Late last week word came of the overhaul the Port Authority will begin to implement in order to make the system more efficient and attractive to riders. Faster speeds, fewer stops, easier identification of routes, pre-paid fares, etc. are all parts of the plan.
Ultimately, the goal is to boost ridership (the Authority’s consultant estimates 11% according to published reports) and cut costs (again, the same published report says a 16% estimated reduction).
Here’s the interesting thing about the cost reduction, should it occur: the consultant’s peer agency comparison on operating costs per passenger found that PAT was the highest at $4.37-the peer average was $3.24 (a 35% difference) with Buffalo ($4.07) and Milwaukee ($2.62) bracketing the group.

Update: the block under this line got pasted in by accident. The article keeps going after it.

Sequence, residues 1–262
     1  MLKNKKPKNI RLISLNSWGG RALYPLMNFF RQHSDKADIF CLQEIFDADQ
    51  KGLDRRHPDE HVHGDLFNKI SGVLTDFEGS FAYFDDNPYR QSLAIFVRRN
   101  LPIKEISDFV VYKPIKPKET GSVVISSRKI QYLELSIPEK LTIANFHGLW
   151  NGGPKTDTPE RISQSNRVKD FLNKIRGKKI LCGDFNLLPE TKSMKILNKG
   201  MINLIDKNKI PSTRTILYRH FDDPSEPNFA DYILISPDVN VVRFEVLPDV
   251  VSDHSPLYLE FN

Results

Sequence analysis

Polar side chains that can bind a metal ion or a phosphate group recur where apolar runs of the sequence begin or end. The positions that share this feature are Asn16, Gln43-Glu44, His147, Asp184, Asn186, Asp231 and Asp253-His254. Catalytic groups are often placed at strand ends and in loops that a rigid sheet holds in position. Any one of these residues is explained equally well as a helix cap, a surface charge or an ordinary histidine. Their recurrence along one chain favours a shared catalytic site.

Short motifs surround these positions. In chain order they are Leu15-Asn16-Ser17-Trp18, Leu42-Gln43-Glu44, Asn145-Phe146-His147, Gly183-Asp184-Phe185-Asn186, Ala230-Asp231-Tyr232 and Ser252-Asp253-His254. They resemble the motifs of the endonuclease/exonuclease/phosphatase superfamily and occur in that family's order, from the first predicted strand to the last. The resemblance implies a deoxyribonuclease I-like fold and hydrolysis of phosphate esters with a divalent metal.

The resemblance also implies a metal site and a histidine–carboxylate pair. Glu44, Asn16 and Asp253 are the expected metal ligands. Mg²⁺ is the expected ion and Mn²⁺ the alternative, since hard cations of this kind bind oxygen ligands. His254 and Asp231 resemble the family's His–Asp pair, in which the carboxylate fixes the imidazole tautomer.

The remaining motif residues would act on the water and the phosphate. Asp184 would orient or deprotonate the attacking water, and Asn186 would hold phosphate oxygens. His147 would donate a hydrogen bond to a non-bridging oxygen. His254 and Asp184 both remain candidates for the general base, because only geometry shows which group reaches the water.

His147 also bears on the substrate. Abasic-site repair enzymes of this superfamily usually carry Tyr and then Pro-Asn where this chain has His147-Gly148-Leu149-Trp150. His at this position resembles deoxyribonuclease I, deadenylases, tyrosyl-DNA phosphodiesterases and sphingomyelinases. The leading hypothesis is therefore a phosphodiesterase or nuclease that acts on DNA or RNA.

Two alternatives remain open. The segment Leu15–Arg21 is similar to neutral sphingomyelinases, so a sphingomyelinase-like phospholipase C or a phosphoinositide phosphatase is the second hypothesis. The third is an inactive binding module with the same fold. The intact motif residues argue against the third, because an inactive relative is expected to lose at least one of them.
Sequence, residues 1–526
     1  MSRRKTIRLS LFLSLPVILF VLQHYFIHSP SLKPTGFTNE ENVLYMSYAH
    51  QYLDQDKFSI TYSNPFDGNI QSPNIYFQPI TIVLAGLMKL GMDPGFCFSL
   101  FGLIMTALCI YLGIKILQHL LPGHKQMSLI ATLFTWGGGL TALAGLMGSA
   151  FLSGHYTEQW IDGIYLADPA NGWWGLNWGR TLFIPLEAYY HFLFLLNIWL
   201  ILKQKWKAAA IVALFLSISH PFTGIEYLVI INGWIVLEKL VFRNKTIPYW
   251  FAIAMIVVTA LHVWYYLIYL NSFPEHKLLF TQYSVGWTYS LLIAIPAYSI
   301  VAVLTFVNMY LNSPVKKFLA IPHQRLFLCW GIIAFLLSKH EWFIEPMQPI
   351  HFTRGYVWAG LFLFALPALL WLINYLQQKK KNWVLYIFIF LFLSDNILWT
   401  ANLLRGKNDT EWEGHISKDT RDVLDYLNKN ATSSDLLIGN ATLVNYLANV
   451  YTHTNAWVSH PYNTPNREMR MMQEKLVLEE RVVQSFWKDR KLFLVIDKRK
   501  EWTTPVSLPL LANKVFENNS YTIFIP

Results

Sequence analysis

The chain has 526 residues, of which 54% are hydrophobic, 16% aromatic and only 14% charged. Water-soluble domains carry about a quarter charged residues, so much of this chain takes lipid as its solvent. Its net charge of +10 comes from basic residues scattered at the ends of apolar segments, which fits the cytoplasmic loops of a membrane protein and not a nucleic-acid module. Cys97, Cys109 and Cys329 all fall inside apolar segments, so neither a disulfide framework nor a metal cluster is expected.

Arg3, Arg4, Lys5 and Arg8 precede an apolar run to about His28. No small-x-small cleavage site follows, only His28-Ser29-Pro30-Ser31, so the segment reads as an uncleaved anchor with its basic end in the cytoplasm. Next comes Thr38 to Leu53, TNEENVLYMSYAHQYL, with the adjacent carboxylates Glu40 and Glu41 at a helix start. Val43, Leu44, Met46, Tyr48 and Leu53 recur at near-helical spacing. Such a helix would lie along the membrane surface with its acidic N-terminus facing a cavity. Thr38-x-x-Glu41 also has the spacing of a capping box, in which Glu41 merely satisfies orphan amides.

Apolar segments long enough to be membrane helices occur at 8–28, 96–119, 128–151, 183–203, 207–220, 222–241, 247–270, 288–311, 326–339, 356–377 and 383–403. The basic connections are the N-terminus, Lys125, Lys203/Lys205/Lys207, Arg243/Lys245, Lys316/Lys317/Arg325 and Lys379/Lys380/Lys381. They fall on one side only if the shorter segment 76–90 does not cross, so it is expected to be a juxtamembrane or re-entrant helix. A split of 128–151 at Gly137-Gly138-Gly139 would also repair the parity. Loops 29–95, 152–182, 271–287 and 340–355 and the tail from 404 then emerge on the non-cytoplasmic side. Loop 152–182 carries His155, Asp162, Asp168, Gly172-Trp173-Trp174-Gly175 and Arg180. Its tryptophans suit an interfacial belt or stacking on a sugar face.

If the 16% cut is achieved and PAT’s operating cost per passenger falls to $3.67, it would still at the top of the peer group (assuming all the peers remain static) with only Buffalo higher than PAT. It would make PAT more in line with Baltimore and Seattle (both at $3.64) but well above other comparables.